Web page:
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Donald Marron

Memories are a durable investment

Skip the new high heels. You'll get more lasting enjoyment out of going bungee jumping, driving hours to try a new restaurant, or getting lost on vacation.

By Guest blogger / May 1, 2012

Sihil, an ocelot from the Cincinnati Zoo, lays on the ground as nature photographers and enthusiasts view the cat at Santa Ana National Refuge in San Juan, Texas in this April 2012 file photo. Marron uses the example of encountering an ocelot in the wild to illustrate that experiences, while often short-lived and occasionally a hassle, are a lasting investment because of the memories they make.

Gabe Hernandez/AP/The Monitor/File

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A recurring theme of recent happiness research is that when it comes to seeking pleasure, people should “buy experiences rather than things.” People are happier when they skip the shiny baubles (or new high heels) and do something memorable.

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Donald B. Marron is director of economic policy initiatives at the Urban Institute. He previously served as a member of the President's Council of Economic Advisers and as acting director of the Congressional Budget Office.

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Over at the Atlantic, Garett Jones gives one economic explanation for this finding: memories are a durable good.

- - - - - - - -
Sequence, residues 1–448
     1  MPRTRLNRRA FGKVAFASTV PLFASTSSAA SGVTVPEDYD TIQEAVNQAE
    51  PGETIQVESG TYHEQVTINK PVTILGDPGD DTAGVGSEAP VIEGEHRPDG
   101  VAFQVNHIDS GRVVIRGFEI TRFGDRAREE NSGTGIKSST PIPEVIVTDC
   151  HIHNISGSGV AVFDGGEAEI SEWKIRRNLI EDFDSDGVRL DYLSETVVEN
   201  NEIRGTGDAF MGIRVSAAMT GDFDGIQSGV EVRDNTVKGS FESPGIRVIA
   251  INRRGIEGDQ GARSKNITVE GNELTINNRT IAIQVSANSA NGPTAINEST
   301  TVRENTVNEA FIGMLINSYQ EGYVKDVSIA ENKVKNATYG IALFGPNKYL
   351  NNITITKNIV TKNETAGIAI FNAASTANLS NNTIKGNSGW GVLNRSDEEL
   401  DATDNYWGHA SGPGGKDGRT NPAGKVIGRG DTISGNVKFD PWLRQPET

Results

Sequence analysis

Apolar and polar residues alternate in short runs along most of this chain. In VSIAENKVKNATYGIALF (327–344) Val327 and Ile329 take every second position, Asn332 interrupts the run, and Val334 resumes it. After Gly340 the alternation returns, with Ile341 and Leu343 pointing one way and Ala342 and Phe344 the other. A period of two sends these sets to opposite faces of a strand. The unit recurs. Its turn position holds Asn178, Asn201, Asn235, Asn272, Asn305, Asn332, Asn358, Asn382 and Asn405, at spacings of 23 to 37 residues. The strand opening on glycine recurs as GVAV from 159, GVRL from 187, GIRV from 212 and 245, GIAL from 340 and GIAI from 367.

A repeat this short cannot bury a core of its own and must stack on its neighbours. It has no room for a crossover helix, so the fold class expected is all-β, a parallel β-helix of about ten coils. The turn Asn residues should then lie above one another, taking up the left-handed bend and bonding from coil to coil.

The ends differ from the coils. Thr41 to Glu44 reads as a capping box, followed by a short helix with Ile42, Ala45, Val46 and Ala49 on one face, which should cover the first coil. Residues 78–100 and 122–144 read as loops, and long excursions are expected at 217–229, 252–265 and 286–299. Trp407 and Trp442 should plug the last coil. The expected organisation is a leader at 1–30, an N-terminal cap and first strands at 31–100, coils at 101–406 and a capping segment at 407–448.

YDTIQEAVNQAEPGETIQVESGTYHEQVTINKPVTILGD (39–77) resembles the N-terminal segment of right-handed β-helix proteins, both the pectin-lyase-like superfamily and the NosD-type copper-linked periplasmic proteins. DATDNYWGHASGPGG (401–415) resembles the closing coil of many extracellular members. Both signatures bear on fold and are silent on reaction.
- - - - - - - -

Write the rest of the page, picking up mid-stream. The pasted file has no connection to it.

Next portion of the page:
[M]emory, wholly intangible, is quite durable.

People often shrink from driving to a distant, promising restaurant, flying to a new country, trying a new sport–it’s a hassle, and the experience won’t last that long. That’s the wrong way to look at it. When you go bungee jumping, you’re not buying a brief experience: You’re buying a memory, one that might last even longer than a good pair of blue jeans.

Psych research seems to bear this out: People love looking forward to vacations, they don’t like the vacation that much while they’re on it, and then they love the memories. Most of the joy–the utility in econospeak–happens when you’re not having the experience. …

[P]eople treat memories somewhat like durables, but most of us could do a better job of it. Yes, it’ll be a hassle to find that riad in Marrakech when your GPS fails you, but complaining about it with your sibling years later will be a ton of fun. Get on with it.

A corollary: if memory really is a durable, then you should buy a lot of it when you’re young. That’ll give you more years to enjoy your purchase.

So it’s worth a bit of suffering to create some good memories, since the future lasts a lot longer than the present.

That’s good advice. But I can’t help thinking that people who are unhappy on vacation are doing it wrong. Then again, maybe my recollection is blurred by selective memory?

In any case, the little feline above is a great example of Garett’s thesis. Since I was a child, I had always wanted to see an ocelot in the wild. And last summer, Esther and I found one in Brazil. Our entire encounter lasted about 15 seconds and produced a couple of mediocre photos. But until my brain gives out, I will always cherish seeing the little critter.

P.S. About 20 years ago, I recall someone attributing the “memory is a durable good” idea to Milton Friedman. If anyone’s got a cite to that, please post in the comments.

P.P.S. Will Wilkinson also comments on Garett’s thesis.

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